Release Date: 6th February 2018
Genre: Science Fiction, Dark Fiction
The Scientist’s daughter was dying and he was desperate to save her by any means necessary. He illegally and artificially created the Subject, the perfect donor body, but was taken by surprise when the Subject turned out to be a fully conscious child. Faced with the choice of taking care of the child he accidentally created or saving his daughter, the Scientist chose the latter. He kept the Subject locked in the basement with full intent to kill her to save his daughter.
The Scientist’s plan ultimately failed and his daughter died, leaving him with the “thing” meant to save her.
It’s been years since his daughter died and the Scientist has kept the Subject locked up alone in the basement, refusing to acknowledge that she is a child and treating her strictly as an experiment. He keeps a rigid routine when visiting her and attempts to be completely objective, which proves to be difficult as the Subject has grown to be a very friendly child who insists on trying to build some sort of relationship with him.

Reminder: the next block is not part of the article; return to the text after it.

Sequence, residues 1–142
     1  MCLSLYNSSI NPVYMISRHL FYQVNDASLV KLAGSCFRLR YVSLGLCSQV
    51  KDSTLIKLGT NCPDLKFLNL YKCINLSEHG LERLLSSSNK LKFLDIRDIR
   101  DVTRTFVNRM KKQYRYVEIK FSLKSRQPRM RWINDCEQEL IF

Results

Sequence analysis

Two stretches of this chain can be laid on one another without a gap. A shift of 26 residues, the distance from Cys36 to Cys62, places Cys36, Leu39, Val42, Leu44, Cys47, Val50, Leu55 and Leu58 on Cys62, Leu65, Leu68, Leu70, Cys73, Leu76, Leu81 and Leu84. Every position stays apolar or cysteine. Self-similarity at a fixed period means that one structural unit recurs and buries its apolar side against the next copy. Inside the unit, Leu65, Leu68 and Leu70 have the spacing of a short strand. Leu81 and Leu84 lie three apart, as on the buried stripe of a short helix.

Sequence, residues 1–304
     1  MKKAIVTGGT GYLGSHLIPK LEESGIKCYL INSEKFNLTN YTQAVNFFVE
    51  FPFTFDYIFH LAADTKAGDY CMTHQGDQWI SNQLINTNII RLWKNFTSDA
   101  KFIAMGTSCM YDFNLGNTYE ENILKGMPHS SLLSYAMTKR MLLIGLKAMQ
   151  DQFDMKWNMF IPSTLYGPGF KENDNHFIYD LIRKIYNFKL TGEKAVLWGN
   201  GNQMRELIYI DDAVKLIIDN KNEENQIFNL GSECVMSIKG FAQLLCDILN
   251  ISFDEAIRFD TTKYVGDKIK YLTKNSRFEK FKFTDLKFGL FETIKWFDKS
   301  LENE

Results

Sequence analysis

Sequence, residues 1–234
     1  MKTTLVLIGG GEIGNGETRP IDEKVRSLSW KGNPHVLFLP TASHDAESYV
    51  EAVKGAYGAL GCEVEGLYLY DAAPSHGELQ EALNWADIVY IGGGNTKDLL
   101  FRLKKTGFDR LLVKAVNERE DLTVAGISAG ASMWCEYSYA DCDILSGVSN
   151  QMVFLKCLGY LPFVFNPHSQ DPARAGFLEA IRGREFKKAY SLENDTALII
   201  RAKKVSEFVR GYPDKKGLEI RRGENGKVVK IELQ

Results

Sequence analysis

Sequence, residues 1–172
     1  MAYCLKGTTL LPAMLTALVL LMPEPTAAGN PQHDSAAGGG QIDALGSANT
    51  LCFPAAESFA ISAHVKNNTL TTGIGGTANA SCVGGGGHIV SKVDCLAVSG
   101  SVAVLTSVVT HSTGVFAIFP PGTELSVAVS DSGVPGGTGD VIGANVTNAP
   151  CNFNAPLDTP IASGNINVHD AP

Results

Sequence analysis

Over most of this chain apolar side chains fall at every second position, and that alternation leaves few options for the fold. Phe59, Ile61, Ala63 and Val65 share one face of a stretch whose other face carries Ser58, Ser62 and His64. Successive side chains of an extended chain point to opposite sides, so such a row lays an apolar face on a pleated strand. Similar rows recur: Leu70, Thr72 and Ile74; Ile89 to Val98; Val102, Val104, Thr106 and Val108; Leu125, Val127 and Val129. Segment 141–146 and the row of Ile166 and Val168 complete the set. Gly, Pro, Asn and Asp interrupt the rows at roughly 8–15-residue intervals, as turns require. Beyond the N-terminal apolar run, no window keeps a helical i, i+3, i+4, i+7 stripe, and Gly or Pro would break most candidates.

Nothing’s changed in a long time. The Scientist begins losing sleep because of his worsening mental and emotional states and his exhaustion leads to mistakes, which cause problems with the Subject. When the Subject’s health starts rapidly deteriorating because of him, the Scientist’s forced to reconsider his objectivity but he is adamant about remaining indifferent, endangering the Subject’s life.
The Subject And The Scientist by Montana Stayer is an unusual sci-fi tale about a man who does something he never intended to do and then ends up, quite unhappily, living with the consequences of his acts.
The plot described in the blurb of the book is simple enough, but the story is not; it is way more than one might expect after reading the summary. For one, the emotional aspect of the story was something I really found interesting, especially the detachment of The Scientist, the lead character, towards the girl, The Subject.
The writing style was simple and okay but the characterization was something I wasn’t overly impressed with. Overall, I feel that the story demanded two very, very strong characters to take the story to another level and that was something I found missing. The ending was different and made sense.
I’d recommend this book to light sci-fi fans and readers of the dark genre.